FILE -In this Saturday, Sept. 29, 2007, file photo, A 43 year old Congolese patient, center, who has been confirmed to have Ebola hemorrhagic fever, following laboratory tests, is comforted by Medecins Sans Frontieres (Doctors without Borders) nurse Isabel Grovas, left, and Doctor Hilde Declerck, right, in Kampungu, Kasai Occidental province, Congo. An outbreak of the deadly Ebola virus is believed to have killed at least 59 people in Guinea and may already have spread to neighboring Liberia, health officials said Monday, March 25, 2014. (AP Photo/WHO, Christopher Black, HO, File) EDITORIAL USE ONLY

Nigerian authorities have raised alert level for Ebola after reported deaths in the Democratic Republic of Congo were linked to the Ebola viral haemorrhagic fever.

The health ministry is to step up emergency surveillance at all land and airport border after laboratory testing confirmed two of five haemorrhagic fever infections in the DRC as Ebola.

Officials will also screen incoming passengers, with special emphasis on passengers from the DRC and neighbouring countries.

The ministry will also reactive the emergency operations centre, the reporting-and-central-command structure it deployed to contain Nigeria’s first-ever encounter with Ebola in 2014.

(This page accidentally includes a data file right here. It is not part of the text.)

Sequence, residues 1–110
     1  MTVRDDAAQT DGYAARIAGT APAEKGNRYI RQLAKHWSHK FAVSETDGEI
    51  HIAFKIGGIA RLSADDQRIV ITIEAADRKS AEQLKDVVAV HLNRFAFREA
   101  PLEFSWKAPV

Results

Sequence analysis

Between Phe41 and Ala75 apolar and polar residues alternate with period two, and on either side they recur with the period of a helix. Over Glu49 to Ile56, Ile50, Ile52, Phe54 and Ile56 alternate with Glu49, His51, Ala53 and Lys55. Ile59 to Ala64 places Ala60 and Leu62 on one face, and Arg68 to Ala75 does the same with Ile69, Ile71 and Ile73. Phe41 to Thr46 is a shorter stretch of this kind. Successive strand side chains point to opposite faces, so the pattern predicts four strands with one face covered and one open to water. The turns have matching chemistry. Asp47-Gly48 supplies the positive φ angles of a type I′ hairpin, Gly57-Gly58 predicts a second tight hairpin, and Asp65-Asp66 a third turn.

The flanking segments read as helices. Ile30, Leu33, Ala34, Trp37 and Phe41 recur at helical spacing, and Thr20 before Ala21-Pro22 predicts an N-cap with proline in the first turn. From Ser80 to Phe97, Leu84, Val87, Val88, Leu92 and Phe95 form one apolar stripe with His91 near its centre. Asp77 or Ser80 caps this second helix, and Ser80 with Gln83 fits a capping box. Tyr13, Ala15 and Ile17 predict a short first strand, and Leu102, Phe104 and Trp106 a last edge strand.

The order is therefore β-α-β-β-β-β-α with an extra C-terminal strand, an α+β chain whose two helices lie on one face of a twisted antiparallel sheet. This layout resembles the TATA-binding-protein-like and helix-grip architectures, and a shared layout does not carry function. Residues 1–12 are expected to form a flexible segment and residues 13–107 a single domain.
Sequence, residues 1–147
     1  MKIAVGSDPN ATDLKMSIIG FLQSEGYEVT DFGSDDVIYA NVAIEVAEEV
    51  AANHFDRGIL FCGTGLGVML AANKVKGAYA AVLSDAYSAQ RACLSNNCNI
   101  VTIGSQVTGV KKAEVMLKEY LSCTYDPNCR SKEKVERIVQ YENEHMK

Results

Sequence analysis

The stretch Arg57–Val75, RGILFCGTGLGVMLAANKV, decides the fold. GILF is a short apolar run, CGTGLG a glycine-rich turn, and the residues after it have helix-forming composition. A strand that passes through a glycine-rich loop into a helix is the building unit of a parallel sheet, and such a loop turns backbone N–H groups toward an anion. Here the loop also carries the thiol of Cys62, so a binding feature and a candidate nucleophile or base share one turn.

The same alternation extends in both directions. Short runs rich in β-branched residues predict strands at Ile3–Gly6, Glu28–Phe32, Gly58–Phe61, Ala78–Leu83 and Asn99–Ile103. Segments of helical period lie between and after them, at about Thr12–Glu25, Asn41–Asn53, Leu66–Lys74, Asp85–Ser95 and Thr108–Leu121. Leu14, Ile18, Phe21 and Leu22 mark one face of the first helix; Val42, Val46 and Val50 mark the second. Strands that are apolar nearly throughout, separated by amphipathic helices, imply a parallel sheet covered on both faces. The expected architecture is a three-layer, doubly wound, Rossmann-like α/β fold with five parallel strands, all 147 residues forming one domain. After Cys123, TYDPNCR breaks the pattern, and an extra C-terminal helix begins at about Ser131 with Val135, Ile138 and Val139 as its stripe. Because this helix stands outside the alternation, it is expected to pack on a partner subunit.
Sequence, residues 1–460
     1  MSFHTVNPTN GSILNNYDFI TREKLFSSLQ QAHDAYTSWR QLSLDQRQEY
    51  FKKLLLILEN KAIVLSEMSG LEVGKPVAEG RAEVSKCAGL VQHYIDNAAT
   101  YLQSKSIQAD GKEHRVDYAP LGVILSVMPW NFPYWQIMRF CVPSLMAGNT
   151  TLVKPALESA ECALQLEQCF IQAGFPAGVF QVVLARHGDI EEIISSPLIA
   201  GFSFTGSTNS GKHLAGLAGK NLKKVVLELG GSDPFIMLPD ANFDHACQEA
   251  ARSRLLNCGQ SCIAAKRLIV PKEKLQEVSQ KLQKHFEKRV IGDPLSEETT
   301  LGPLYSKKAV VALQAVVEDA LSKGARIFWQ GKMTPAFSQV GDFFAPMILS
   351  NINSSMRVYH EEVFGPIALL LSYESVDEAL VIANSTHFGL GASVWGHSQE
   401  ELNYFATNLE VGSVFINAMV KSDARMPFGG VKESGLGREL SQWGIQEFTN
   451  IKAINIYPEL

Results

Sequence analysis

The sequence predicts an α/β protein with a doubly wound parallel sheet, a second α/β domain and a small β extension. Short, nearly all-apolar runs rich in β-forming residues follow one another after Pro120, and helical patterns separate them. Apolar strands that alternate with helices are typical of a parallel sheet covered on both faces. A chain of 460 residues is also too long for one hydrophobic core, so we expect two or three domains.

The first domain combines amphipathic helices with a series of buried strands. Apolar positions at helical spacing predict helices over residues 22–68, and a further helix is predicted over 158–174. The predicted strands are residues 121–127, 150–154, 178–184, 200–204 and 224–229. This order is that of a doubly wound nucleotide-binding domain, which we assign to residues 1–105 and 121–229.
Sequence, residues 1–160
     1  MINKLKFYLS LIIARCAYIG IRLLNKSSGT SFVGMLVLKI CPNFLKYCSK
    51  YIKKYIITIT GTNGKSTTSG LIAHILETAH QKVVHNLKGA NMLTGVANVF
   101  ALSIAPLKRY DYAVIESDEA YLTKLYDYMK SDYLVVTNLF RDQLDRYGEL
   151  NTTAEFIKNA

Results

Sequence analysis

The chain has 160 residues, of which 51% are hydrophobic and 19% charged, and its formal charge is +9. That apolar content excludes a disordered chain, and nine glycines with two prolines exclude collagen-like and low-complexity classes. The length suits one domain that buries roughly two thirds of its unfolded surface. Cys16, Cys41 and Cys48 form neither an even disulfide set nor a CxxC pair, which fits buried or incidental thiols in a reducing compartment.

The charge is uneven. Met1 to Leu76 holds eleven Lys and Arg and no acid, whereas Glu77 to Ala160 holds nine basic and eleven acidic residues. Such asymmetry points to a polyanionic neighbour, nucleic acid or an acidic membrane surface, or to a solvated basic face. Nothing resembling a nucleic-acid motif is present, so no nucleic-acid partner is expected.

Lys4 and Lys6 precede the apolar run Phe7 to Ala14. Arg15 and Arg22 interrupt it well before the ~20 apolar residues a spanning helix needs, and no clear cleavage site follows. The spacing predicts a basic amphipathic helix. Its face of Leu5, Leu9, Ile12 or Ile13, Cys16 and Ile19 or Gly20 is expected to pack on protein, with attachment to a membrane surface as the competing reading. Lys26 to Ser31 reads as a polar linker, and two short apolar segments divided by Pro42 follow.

The centre also helped contingents from Nigeria deal with the outbreak in the three most affected countries—Sierra Leone, Guinea and Liberia.

“We will also ensure we step up all activities screening people coming in so that we will not be caught unawares,” said health minister Isaac Adewole in comments after the Federal Executive Council met on Wednesday.

The Nigeria Centre for Disease Control is to send out a contingent to help build DRC’s capacity to respond to the outbreak.

At least 17 people have died in an area of northwestern DRC where health officials have now confirmed an outbreak of Ebola.

The outbreak is the ninth recorded in DRC. The virus is named after a river in the east of the country where it was first discovered in the 1970s. The last outbreak there killed eight people.

In the outbreak, the virus entered Nigeria after a Liberian-American Charles Sawyer flew into Lagos, carrying the virus.

At least 20 people were eventually infected and eight died.

Across West Africa, more than 20,000 were infected and nearly 11,000 died.